The researchers found that an additional hour of daily exercise activity time was associated with a 0.88 (0.37-1.39; P<.001) metabolic equivalent of task (MET) higher fitness for men and a 1.37 (0.43-2.31; P=.004) MET higher fitness for women. An additional hour of sedentary time was associated with a 0.12 (0.02 to 0.22; P=.03) and a 0.24 (0.10 to 0.38; P<.001) MET difference in fitness for men and women, respectively. They conclude that after adjustment for exercise activity, sedentary behavior appears to have an inverse association with fitness, and that these findings suggest that the risk related to sedentary behavior might be mediated, in part, through lower fitness levels, and that that negative effects of six hours of sedentary time on fitness levels were similar in magnitude to the benefit of one hour of exercise.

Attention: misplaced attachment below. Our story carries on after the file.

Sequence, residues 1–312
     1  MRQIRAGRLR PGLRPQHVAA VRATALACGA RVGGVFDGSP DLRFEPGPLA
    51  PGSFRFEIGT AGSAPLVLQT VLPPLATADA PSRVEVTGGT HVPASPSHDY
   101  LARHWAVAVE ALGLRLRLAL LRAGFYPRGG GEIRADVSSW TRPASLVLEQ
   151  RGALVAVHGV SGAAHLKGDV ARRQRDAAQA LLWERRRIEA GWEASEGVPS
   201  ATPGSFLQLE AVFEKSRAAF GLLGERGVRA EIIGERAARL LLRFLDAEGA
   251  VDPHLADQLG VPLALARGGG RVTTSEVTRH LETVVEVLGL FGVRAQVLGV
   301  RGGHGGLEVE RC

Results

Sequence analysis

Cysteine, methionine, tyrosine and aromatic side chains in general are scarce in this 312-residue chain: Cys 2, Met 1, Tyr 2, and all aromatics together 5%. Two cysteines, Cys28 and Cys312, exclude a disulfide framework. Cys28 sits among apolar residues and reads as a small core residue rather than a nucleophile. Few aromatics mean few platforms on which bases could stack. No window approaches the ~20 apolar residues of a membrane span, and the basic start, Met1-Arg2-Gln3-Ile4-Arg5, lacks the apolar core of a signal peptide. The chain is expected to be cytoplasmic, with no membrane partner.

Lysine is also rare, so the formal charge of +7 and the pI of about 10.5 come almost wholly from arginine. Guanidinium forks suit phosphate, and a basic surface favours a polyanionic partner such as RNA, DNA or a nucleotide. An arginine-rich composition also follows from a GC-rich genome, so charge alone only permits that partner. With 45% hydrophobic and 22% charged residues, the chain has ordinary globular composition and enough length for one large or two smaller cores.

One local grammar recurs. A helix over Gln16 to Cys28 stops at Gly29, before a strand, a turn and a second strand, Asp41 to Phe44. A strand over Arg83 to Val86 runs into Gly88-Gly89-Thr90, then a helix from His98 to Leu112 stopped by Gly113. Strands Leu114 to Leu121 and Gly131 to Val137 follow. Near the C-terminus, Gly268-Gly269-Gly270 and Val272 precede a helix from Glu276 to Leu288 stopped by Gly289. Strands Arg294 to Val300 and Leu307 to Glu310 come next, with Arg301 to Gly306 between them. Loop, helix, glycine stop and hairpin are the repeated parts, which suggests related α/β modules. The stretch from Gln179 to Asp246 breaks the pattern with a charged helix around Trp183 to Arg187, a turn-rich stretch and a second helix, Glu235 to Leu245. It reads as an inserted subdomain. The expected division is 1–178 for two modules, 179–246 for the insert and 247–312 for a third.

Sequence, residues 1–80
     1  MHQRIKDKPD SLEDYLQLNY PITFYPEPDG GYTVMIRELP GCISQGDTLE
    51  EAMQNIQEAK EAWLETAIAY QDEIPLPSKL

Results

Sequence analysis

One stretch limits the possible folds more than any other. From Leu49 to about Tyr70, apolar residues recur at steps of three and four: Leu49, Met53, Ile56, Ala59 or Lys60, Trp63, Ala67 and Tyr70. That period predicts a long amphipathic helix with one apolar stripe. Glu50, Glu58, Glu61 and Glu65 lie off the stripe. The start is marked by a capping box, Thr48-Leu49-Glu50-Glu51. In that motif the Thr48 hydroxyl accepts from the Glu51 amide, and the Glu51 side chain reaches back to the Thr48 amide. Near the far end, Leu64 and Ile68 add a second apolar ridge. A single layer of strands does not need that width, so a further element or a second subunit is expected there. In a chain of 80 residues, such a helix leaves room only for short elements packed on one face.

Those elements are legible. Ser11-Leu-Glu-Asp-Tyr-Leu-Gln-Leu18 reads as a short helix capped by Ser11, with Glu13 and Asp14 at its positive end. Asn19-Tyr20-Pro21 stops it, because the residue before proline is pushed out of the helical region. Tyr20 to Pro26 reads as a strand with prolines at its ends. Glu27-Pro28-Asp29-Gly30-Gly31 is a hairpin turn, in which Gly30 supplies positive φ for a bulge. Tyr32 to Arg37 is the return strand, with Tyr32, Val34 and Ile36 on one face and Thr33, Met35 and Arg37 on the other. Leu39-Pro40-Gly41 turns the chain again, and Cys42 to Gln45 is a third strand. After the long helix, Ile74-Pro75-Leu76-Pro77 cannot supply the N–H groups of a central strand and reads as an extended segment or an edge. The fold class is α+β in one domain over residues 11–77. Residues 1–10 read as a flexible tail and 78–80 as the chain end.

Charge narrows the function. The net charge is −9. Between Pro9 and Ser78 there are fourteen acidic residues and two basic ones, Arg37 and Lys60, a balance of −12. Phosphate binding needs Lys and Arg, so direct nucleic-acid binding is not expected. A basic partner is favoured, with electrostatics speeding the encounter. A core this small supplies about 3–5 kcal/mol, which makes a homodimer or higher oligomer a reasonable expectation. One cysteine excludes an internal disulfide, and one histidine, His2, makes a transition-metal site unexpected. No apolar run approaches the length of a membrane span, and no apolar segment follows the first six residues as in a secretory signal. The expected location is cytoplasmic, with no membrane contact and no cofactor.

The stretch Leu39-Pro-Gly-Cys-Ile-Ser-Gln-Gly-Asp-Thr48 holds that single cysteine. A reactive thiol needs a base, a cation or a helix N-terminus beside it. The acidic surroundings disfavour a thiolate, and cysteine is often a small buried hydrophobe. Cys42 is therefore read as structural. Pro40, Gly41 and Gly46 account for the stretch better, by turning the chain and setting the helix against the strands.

“We also found that when sitting for prolonged periods of time, any movement is good movement, and was also associated with better fitness, commented Dr. Jacquelyn Kulinski, a recent graduate from the UT Southwestern Cardiology Fellowship Training Program and first author of the Mayo Proceedings paper. “So if you are stuck at your desk for a while, shift positions frequently, get up and stretch in the middle of a thought, pace while on a phone call, or even fidget.”
To stay active and combat sedentary behavior, UT Southwestern preventive cardiologists also recommend taking short walks during lunch and throughout the day, using a pedometer to track daily steps, taking the stairs instead of the elevator, hosting walking meetings at work, and replacing a standard desk chair with a fitness ball or even a treadmill desk, if possible.
Other UT Southwestern researchers involved in the study include Dr. Amit Khera, Director of the Preventive Cardiology Program and Associate Professor of Internal Medicine; Dr. Sandeep Das, Assistant Professor of Internal Medicine; Dr. James de Lemos, Associate Program Director of the Cardiology Fellowship Program and Professor of Internal Medicine; and Colby Ayers, Faculty Associate in the Department of Clinical Science.